A tentative plan including a cost estimate for refurbishing Tulsa’s aging levee system is expected next week, U.S. Sen. Jim Inhofe’s office said Tuesday.
The Tentatively Selected Plan will outline proposed work, including a cost estimate that will serve as a placeholder in the fiscal year 2021 federal budget.
Speaking to the Tulsa World, Inhofe said the required public comment period will push back a final report on the levees until early next year, but the overall project remains on track for FY 2021.
“We were a little ambitious when we said the (final) report will be finished by the end of (2019), but we are making headway,” Inhofe said.
Inhofe is chairman of the Senate Armed Services Committee and senior Republican on the Environment and Public Works Committee. Between them, the two committees are responsible for oversight of the U.S. Army Corps of Engineers, which would be in charge of the project.
Inhofe has for years advocated improvements to the World War II-era levee system, but this spring’s near-record floods lent new momentum to the endeavor.
Inhofe also answered questions Tuesday about his continued support of President Donald Trump, gun control, former Environmental Protection Agency chief Scott Pruitt and transportation.
Inhofe said he is open to enhanced background checks or red flag laws to keep guns away from potentially violent people, but he opposes two measures passed earlier this year by the Democrat-controlled House of Representatives.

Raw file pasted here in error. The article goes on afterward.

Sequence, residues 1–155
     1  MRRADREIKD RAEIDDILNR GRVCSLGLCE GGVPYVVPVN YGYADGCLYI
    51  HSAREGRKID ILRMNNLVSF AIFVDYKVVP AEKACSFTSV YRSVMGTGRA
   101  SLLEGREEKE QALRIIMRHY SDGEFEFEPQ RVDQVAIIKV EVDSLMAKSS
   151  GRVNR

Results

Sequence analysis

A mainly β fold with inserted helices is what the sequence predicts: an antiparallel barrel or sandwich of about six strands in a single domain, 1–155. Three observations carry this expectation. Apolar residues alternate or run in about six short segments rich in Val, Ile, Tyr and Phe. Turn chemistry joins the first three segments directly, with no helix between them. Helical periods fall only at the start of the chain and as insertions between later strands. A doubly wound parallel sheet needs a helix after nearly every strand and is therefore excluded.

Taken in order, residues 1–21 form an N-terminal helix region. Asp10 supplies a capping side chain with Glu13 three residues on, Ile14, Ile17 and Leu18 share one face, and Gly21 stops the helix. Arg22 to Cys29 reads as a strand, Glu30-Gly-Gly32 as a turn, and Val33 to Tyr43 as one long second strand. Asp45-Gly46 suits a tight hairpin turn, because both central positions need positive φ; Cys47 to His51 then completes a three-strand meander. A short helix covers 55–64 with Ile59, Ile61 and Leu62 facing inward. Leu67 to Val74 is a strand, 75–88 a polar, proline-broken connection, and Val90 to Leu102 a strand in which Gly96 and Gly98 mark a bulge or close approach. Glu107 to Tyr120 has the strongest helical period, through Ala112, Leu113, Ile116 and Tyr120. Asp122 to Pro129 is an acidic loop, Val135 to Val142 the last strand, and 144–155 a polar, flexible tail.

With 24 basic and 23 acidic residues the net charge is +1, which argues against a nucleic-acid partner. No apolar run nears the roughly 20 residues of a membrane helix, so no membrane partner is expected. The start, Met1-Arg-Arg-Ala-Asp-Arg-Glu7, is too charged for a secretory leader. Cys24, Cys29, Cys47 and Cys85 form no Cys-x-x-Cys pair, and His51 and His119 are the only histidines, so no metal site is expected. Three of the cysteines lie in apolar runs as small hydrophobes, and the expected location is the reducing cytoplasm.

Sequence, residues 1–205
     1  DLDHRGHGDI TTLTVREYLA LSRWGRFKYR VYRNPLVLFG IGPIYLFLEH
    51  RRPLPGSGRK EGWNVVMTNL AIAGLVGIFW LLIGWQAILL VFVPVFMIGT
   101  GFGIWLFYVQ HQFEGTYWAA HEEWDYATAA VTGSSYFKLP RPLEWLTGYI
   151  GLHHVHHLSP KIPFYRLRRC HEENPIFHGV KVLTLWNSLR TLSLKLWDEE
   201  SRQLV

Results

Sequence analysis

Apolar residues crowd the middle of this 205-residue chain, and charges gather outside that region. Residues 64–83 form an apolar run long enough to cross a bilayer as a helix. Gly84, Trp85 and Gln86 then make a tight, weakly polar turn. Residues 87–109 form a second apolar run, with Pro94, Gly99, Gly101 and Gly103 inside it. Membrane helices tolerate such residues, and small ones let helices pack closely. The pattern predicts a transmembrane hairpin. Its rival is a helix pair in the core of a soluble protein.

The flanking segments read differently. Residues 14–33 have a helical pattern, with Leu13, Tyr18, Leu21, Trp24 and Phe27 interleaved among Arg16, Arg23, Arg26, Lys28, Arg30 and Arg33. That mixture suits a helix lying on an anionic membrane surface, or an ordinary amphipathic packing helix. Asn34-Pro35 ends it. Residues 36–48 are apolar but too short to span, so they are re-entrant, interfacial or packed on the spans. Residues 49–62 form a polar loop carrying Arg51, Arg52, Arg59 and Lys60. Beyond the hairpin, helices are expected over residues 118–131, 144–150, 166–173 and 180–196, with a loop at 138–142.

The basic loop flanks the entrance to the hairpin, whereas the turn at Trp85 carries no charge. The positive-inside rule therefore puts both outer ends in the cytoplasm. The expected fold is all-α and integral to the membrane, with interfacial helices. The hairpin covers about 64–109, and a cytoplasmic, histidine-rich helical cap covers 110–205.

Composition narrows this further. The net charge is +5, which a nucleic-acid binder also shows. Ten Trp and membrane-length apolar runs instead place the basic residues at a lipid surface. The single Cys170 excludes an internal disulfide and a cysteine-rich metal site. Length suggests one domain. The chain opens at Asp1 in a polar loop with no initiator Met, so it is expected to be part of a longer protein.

“They’re pretty extreme and a step in the wrong direction on Second Amendment rights,” Inhofe said.
“Knowing the individuals (House sponsors), and knowing what they want, it would be a first step. That’s prejudging, but I can prejudge because I know them.”
H.R. 8 would extend background checks to most gun sales, including those at gun shows. H.R. 12 would extend the background check review period from three to 10 days.
According to reports, enhanced background checks probably would not have prevented either accused shooter from buying the guns used in El Paso and Dayton.
Inhofe emphatically denied Trump’s often incendiary statements and tweets played any role in last weekend’s mass shootings in El Paso and Dayton, Ohio.
Official say the Dayton shooter’s motives remain unclear, although he identified himself as a “leftist” on Twitter and reportedly had an enemies list while in high school.
The El Paso shooter, though, seemed to have been angry about Latin American immigration, a subject that Trump has addressed in strong language. Inhofe said most of the complaints are from Democrats who are “running out of things” on which to attack Trump.
“When you see all the (good) things this president has done, they’re desperate to criticize him,” said Inhofe.
Nevertheless, Inhofe agreed Trump’s tweets often make him “cringe” and that they frequently exceed the boundaries of accepted behavior.
“I don’t think they’re appropriate for anybody except him,” Inhofe said. “He seems to be the exception. He gets away with it because it works.”
Inhofe said he is confident Trump has taken control of world affairs through an uncanny ability to assess leaders and deal with them in unorthodox ways.
“I’m so impressed with the bizarre negotiating skills of this president,” Inhofe said.
“He’s not like anybody else, but it seems to be working. Even though (North Korea’s Kim Jong Un) is still experimenting (with potentially nuclear-tipped missiles), the president has his ear.”
Asked what Trump has accomplished that any other Republican president wouldn’t have, Inhofe highlighted regulatory reform, particularly in the Environmental Protection Agency.
“You’ve never seen a more drastic change in any bureaucracy,” Inhofe said.
He said Pruitt’s brief time at the EPA helm was “a disaster,” but said he doesn’t think it necessarily ended the former state attorney general’s political career in Oklahoma.
“The people here aren’t as aware of national issues,” Inhofe said. “They remember how good he was here.”
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